That sound you hear in a New York park might not be a police siren, but the cry of a redtail hawk. The rush of wind on Brooklyn's waterfront often is louder than the breath of traffic. The lonely howl of a coyote sometimes replaces the roar of commuter buses in suburban New Jersey. Wild turkeys haunt the semi-suburban lawns of Cape Cod.
The kinder side of the deadly COVID-19 pandemic and related lockdowns has been a reduction in noise across the world, and some consequent relief to the wildlife—including the human variety—that ordinarily suffer from the out-of-control sounds that our economies and lifestyles generate.
A microphone placed at the normally busy corner of Lafayette and Fourth Streets in Manhattan recorded a five-decibel drop—a reduction of 130 percent—in traffic noise levels during the recent lockdown, according to one NYU study.
The same is true of the more general human noise that registers across the planet and is measured at seismic stations, sound labs created to pick up earthquakes and other digestive rumbles of the planet.
According to a survey by Belgium's Royal Observatory in Brussels, human-caused noises, as measured by seismographs, have declined globally by 50 percent during the pandemic.
Because excess noise triggers stress hormones such as cortisol—a quarter of Europe's population usually suffer excess noise levels sufficient to trigger hormone levels that in turn lead to 900,000 cases of hypertension and 10,000 preventable deaths per annum—the recent reduction in overall noise may help mitigate the spike in people's stress quotient caused by lockdown, unemployment, and worry.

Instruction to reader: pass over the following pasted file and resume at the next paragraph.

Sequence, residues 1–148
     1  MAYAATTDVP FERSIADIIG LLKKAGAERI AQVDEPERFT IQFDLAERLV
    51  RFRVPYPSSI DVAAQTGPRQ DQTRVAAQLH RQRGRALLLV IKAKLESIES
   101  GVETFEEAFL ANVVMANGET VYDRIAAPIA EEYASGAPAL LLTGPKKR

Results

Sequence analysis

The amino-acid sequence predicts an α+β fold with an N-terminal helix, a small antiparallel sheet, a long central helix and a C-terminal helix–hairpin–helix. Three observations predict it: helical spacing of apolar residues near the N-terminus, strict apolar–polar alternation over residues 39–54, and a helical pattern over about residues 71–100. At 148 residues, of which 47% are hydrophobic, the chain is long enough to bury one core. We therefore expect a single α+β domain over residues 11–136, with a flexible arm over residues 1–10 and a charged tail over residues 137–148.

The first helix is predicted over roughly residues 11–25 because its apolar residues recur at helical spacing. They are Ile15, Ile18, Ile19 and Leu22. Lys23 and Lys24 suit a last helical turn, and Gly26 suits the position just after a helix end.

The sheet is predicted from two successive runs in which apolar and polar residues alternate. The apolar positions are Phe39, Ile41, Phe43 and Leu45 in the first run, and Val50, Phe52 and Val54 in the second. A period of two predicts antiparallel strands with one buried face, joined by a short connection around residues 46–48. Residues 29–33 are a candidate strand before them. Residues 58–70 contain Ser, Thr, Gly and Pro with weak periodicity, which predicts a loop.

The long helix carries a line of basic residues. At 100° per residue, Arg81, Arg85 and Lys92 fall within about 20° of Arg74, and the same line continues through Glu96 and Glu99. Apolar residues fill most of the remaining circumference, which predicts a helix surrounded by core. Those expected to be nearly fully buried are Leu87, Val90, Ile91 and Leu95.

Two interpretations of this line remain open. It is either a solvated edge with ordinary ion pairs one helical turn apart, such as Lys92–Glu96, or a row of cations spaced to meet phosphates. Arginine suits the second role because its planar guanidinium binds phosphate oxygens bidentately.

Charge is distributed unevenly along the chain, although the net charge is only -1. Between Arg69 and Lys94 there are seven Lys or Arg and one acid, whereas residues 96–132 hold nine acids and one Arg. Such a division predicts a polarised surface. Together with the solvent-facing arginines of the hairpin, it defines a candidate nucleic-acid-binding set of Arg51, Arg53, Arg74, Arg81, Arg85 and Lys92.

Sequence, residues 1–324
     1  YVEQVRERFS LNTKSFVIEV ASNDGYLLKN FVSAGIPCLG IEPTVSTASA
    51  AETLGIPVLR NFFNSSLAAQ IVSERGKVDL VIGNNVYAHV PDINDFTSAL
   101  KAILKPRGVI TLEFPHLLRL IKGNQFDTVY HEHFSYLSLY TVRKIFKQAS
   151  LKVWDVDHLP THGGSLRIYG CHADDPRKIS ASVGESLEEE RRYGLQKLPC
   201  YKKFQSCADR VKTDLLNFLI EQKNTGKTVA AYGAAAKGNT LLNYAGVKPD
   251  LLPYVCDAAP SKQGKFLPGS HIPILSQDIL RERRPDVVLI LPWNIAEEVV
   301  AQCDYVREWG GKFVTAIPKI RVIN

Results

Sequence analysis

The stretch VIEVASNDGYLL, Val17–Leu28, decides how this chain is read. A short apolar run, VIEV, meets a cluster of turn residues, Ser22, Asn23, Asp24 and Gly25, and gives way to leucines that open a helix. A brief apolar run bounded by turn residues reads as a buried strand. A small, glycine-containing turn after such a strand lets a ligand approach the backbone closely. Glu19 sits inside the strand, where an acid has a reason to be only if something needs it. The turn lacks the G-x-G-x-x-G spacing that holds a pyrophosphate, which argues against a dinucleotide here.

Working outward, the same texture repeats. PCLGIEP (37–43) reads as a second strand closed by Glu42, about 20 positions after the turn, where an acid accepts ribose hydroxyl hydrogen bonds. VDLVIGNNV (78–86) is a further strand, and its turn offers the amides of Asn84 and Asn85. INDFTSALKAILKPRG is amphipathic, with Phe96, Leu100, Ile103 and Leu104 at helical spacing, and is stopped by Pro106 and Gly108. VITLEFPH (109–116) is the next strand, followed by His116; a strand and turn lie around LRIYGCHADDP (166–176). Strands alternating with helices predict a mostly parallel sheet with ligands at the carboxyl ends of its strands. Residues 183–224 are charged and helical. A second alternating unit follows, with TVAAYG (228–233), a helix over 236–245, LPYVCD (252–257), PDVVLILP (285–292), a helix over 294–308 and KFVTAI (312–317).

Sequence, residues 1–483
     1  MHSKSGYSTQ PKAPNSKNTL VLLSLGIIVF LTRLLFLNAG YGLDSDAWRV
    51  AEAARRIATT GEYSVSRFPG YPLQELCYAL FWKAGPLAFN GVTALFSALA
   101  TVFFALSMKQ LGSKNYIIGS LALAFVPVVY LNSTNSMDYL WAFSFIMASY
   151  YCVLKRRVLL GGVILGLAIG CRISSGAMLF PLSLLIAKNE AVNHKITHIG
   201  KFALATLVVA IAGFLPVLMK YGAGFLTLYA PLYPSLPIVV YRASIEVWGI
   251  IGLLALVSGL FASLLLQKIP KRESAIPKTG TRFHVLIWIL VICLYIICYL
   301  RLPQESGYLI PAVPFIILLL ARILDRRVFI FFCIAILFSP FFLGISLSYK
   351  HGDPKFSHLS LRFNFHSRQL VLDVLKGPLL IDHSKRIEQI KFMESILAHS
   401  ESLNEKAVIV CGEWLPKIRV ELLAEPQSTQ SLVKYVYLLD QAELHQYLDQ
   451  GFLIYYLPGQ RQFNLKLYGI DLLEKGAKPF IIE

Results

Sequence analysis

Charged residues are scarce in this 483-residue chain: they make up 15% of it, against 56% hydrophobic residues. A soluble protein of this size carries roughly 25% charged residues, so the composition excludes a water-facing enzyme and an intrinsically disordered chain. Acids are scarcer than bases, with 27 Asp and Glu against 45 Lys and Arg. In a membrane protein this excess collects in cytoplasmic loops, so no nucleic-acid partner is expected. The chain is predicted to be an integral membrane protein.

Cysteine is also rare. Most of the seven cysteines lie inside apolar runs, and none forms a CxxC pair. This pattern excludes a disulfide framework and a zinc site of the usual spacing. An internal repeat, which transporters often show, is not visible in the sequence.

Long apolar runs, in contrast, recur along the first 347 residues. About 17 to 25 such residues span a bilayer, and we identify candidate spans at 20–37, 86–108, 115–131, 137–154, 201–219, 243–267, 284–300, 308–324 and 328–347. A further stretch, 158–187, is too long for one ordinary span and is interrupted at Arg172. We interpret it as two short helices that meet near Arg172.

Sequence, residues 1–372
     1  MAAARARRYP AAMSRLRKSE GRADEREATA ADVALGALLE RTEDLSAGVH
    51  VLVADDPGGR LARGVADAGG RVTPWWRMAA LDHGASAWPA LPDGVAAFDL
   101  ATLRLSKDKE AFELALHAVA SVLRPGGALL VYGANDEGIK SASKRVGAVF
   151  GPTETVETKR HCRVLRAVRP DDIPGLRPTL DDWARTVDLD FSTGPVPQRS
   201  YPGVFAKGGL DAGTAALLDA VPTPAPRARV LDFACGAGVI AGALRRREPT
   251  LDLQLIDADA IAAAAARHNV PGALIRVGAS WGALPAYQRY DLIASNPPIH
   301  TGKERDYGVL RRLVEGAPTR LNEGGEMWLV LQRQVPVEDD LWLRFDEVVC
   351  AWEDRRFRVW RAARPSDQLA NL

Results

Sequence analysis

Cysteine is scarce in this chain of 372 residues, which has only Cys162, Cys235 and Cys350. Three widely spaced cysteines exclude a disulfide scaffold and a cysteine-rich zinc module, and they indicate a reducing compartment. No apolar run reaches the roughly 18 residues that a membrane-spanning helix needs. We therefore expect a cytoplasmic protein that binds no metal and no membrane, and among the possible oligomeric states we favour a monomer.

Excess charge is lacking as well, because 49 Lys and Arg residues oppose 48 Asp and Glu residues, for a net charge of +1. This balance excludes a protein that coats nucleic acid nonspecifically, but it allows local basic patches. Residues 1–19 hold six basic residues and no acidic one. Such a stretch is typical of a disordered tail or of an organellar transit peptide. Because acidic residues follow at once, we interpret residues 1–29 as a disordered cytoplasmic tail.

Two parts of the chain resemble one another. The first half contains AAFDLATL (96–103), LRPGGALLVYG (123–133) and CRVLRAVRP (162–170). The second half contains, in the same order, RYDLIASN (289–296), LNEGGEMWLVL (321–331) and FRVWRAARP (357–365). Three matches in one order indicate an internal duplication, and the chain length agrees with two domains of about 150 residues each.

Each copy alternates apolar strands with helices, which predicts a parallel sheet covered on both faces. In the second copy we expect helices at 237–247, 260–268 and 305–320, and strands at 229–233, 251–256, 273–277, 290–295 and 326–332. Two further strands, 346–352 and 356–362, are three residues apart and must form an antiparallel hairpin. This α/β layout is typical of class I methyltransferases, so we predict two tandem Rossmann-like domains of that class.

The reduction in human hyperactivity, of which the fall in sound levels is part, certainly seems to have liberated wildlife. Many of them have left their refuge, probably drawn by this pandemic-related drop in the aggressive actions of humankind, to roam cities and other places whose noise and cars they normally avoid. Thus we see mountain goats walking the town of Llandudno, Wales; wild boars in the streets of Haifa, Israel; pumas hanging out in Santiago, Chile; duck families filing across Parisian avenues; dolphins gamboling in Turkey's Bosphorus.
Ocean mammals in particular have almost certainly experienced relief from the drop in undersea sound levels associated with slowed commerce. These mammals communicate and feed by using their sensitive sound equipment, and have been increasingly stressed by noise from the thrashing propellers of merchant ships and the piercing active-sonar transmissions of naval vessels. The former, at any rate, has decreased with the reduction in ocean traffic, by fifty percent off Vancouver, Canada, according to one study.
This respite will not last. Lessons taught in hardship tend to fade quickly when the hardship vanishes, and as the pandemic recedes noise levels are bound to spike again. But for now, humans and wildlife seem to be benefiting from a rare and beneficial quiet.